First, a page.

by Sam Griffin
Three DCU students are taking part in a new study that has determined that small amounts of high intensity interval training (HIIT) have the same effect as much longer levels of endurance training.
Inter county footballers David Kelly of Sligo and Cathal Cregg of Roscommon, along with another student Crionna Tobin, carried out tests over a six week period and discovered that 13.4 minutes of HIIT had the same effect as over 11 hours of endurance training.
In making these findings, biopsies and blood samples were taken after training and compared.
Professor Niall Moyna is Head of the School of Human Health and performance. He explains how the tests were carried out.
“The high intensity was only three minutes and it’s the same (impact) as endurance because when we take biopsies we’re looking the muscle, looking at blood and we’re looking at physiological aspects and we’re looking at similar responses,” he said.
“The small bouts of training are as beneficial as hours of it. That’s an important message for the GAA – the amount of time spent on training.”
DCU has firmly established itself as one of the leading institutions in terms of conducting investigations into human health and performance. Another recent study showed that inter county GAA referees ran the same distances as professional soccer midfielders during the 2011 Championship and there is now a belief there could be a direct correlation between fatigue and the amount of frees referees are awarding.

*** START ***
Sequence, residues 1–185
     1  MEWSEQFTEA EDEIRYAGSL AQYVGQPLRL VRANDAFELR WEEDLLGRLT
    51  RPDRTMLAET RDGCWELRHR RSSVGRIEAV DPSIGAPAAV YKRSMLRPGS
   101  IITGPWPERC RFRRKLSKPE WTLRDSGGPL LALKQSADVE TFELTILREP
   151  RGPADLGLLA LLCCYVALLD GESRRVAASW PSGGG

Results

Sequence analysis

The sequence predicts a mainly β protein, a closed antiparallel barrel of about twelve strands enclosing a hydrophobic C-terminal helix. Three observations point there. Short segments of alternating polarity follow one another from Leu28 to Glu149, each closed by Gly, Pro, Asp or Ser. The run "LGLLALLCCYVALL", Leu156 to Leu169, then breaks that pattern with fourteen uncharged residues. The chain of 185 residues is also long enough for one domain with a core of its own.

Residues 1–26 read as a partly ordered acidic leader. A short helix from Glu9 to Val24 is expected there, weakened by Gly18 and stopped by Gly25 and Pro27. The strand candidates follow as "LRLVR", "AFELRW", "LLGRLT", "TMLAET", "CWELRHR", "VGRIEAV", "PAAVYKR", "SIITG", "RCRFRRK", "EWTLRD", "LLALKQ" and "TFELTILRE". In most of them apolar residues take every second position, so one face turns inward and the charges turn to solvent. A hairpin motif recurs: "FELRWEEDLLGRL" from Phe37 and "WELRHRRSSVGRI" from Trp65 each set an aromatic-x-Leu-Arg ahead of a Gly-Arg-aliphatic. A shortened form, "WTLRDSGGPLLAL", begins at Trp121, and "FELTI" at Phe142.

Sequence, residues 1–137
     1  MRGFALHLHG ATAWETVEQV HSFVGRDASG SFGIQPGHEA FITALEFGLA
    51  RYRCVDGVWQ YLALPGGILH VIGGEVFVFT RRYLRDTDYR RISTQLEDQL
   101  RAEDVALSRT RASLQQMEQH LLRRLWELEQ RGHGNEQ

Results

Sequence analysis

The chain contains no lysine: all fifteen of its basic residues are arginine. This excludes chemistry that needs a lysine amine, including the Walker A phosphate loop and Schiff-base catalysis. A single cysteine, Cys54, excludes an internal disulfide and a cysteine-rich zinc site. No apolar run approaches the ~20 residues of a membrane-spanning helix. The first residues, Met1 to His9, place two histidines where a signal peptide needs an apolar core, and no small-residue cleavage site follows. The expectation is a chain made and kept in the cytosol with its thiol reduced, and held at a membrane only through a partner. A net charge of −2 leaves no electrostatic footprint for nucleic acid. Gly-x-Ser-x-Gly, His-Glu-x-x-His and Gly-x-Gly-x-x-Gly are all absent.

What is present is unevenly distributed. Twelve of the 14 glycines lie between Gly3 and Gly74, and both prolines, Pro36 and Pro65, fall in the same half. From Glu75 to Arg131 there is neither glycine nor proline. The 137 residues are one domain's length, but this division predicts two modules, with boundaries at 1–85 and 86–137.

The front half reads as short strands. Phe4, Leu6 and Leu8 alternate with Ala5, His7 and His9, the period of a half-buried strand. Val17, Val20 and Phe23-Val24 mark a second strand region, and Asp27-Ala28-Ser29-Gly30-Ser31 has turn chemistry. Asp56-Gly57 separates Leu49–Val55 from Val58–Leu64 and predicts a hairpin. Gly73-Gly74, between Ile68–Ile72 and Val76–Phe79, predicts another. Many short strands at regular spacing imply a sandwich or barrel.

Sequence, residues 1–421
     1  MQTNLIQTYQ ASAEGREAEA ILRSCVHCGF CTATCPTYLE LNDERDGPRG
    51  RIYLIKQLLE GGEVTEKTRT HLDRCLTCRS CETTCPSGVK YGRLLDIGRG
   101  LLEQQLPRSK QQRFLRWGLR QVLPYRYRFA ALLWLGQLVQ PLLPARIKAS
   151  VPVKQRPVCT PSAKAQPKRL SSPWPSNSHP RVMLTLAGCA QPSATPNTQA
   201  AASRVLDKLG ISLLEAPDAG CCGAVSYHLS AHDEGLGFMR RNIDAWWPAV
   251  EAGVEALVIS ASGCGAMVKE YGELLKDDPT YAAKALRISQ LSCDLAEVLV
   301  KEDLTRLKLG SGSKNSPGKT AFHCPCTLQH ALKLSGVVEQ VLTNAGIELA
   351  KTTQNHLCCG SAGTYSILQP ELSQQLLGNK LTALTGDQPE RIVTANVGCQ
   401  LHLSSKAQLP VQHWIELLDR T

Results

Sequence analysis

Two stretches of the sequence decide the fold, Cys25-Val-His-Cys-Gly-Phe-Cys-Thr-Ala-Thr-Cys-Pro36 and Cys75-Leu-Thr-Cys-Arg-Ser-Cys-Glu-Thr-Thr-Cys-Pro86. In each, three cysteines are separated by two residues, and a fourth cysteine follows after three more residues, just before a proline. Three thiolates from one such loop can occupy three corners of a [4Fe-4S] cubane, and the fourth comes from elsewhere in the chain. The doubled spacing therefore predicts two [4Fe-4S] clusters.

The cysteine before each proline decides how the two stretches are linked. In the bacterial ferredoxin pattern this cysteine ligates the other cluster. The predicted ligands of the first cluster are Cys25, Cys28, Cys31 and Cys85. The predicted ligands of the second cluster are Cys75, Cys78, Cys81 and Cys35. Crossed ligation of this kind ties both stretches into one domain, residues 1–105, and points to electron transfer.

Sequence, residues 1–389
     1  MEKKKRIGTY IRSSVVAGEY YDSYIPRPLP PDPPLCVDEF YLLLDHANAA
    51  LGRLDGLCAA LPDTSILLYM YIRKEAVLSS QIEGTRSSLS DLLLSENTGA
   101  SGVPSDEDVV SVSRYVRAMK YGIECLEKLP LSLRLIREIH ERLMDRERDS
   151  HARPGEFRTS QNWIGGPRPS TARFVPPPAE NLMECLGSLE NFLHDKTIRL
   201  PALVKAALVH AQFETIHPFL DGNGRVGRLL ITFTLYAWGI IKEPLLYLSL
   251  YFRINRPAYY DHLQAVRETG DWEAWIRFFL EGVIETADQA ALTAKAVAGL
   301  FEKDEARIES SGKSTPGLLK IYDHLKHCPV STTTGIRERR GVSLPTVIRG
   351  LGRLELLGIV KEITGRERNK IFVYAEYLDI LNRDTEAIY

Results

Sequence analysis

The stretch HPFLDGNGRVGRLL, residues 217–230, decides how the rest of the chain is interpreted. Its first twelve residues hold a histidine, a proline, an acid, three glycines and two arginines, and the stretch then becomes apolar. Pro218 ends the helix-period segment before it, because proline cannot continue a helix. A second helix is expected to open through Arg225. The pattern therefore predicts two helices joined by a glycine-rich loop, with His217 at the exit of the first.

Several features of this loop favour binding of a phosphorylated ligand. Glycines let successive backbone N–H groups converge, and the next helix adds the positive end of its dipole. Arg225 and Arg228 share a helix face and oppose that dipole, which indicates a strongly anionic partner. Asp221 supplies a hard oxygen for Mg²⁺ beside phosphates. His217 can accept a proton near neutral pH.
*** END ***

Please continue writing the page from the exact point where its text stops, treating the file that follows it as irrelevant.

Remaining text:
Professor Moyna’s team tested referees in 60 hurling and football games over the summer by putting GPS heart rate monitors on them. The experiments found referees run between ten and twelve kilometres in every match.
The findings came as a shock to Moyna. ”It’s the exact same as the soccer player, only the referees do it over 70 minutes,” he said. “For a soccer player it’s 90 minutes. We were surprised. It’s obviously much lower intensity than the players.”
“Now what we’re trying to track is the number of high-intensity activities they do and how often do they give a free. Say, for example, they have five high-intensity bouts and after that, because their heart rate intensity was so high, did they give a free that wasn’t a free because they wanted a rest?”
Currently, referees are required to run 3,200m in less than twelve minutes to adjudicate at inter county level.
The Monaghan native believes developments in sports technology could have a huge effect on the GAA in the coming years. He believes a device which monitors and analyses sweat content could be one of the most revolutionary advancements to the game.
“The big step is sweat and the stuff we can measure by sweat. Lactate, hydration, hydration status can all be analysed in real time so you come in at half-time and make recommendations.”
“When you start linking that with the heart rate and GPS and you say ‘hold on, he’s dehydrating, take a look at his last five minutes, he’s not performing.’ You can take a look at the players’ heart rate to see if it’s up. Look at the number of high-intensity bouts he has performed.
“The key thing is being able to take all the technology, get the right software and know how to use it appropriately” he said.
The devices, which were modelled at a recent science exhibition in Croke Park, are very small and worn on a player’s back. Moyna expects them to be trialled on soccer and hockey players first, with the GAA embracing the new technology over the next eight years. He predicts they would cost no more than €150 per player.